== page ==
However, even if we set aside the blatant disregard for the rules of running a race by allowing their child to run the marathon unregistered, the fact that the couple allowed their seven-year-old child to run most of the 26.2 miles again is concerning in its own right.

Although pictures on the Instagram account of parents Kami and Ben Crawford (@fightfortogether) show young runner Rainier smiling, the caption hints at points where the child might not have been enjoying the race, particularly because it was raining.

“Rainier complained about water in his eyes but we held his hand this whole time…The hardest part in this time was navigating the rain with Rainier. Being wet and facing constant downpour was wearing on him and he wanted to take constant breaks under trees.”

However, the same post also makes note that the seven-year-old marathon runner seemed to really be enjoying himself:

“It was really fun watching how much Rainier had changed since last year’s race. He was much more confident and seemed very steady in his emotions. He knew what to expect and did not seem afraid at all (besides some moments in the rain). He never once mentioned the desire to quit or any regret for running. In fact, he talked about his desire for future, longer races numerous times.

The post continues:

He was able to monitor and communicate his hydration, legs, and need for breaks much more assertively. At times when he felt worn out he requested a hug from me and we stopped and hugged at least 5 or 6 times on the course.”

As might be expected, comments on the Crawfords’ posts are mixed. Some people find the family’s commitment to run together an inspiration; others have concerns about having a child so young running a marathon.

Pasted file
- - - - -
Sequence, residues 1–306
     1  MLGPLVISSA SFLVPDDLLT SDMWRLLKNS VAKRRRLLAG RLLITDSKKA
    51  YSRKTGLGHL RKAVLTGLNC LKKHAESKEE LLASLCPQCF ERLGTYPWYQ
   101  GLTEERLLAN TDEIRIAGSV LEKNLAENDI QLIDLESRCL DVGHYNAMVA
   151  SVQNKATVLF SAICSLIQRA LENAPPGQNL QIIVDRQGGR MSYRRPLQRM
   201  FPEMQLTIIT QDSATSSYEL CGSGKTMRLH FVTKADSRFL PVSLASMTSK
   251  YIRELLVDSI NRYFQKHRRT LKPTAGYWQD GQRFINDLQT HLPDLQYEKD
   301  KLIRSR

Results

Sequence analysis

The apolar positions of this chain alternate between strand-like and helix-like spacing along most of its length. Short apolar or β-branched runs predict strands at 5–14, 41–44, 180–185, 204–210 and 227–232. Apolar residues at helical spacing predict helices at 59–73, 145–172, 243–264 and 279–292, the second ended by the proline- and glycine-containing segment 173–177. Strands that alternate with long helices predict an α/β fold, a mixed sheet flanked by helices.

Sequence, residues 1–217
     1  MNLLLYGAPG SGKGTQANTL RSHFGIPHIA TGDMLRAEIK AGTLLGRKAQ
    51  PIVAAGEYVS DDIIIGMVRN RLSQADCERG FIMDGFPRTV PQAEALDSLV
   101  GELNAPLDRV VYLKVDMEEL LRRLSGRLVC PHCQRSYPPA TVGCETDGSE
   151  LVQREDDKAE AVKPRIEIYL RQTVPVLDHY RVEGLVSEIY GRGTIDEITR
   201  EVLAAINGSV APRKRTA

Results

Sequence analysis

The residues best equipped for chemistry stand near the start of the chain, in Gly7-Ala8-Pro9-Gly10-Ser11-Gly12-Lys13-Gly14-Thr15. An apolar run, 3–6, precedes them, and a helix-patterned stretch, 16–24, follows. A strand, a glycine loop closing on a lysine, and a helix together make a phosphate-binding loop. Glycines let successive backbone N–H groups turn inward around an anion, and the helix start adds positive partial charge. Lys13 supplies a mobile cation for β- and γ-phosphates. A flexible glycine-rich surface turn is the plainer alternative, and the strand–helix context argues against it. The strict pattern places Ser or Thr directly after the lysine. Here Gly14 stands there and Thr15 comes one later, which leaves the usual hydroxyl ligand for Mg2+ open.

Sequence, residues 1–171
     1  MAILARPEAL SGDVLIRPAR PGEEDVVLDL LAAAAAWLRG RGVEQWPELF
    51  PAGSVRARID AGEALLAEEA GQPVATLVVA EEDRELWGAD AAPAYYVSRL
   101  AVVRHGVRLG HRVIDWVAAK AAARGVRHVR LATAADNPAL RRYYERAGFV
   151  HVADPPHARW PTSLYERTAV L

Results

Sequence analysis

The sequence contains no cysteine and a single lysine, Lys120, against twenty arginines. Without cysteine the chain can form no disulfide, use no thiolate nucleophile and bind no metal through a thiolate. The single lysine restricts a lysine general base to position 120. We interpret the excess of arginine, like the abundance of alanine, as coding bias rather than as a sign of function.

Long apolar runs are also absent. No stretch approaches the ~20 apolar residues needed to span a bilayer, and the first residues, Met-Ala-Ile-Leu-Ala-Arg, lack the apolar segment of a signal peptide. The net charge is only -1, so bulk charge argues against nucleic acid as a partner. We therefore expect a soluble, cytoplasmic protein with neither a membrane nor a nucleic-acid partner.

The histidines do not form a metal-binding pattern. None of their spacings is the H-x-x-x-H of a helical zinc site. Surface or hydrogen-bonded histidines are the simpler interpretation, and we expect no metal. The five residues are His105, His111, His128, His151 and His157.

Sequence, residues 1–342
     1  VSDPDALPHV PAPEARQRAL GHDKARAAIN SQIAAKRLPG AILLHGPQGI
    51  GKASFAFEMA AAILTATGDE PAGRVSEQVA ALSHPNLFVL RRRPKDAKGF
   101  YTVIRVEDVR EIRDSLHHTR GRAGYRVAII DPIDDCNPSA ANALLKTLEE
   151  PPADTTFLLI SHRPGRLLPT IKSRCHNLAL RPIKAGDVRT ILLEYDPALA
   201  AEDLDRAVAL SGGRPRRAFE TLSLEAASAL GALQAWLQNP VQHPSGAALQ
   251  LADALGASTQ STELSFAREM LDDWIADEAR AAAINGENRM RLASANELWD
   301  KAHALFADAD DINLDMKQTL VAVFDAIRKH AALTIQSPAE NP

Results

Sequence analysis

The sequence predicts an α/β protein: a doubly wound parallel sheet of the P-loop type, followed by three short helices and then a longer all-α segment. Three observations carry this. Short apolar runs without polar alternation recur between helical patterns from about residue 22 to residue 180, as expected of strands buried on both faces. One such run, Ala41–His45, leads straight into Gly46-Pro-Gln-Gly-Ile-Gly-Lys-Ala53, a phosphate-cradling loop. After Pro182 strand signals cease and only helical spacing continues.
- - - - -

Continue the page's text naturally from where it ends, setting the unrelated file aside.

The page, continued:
The Crawford family made a documentary about the six-year-old marathon runner called Marathon Boy, which you can watch here.

To learn more about how far is too far for children to be running, check out our article about safe running distances for children here.

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Amber Sayer is a Fitness, Nutrition, and Wellness Writer and Editor, as well as a NASM-Certified Nutrition Coach and UESCA-certified running, endurance nutrition, and triathlon coach. She holds two Masters Degrees—one in Exercise Science and one in Prosthetics and Orthotics. As a Certified Personal Trainer and running coach for 12 years, Amber enjoys staying active and helping others do so as well. In her free time, she likes running, cycling, cooking, and tackling any type of puzzle.

2 thoughts on “7-Year-Old Runs Most of the Flying Pig Marathon (For The Second Year Running)”

  1. I wonder if any professionals have sat with these parents to educate them on why running these distances is bad for their child’s growth and development. I don’t know about the laws in the US but I’m the UK any child under 12 in a court of law is not able to give consent or make their own decisions due to lack of maturity and understanding. Therefore, even if their son chose to run it, it doesn’t mean it’s necessarily the best thing for him.

    As an ultra runner myself, clearly he show amazing potential but surely there are ways to nurture this safely at an age appropriate level. As a parent I would worry about the long term effects on this child’s body.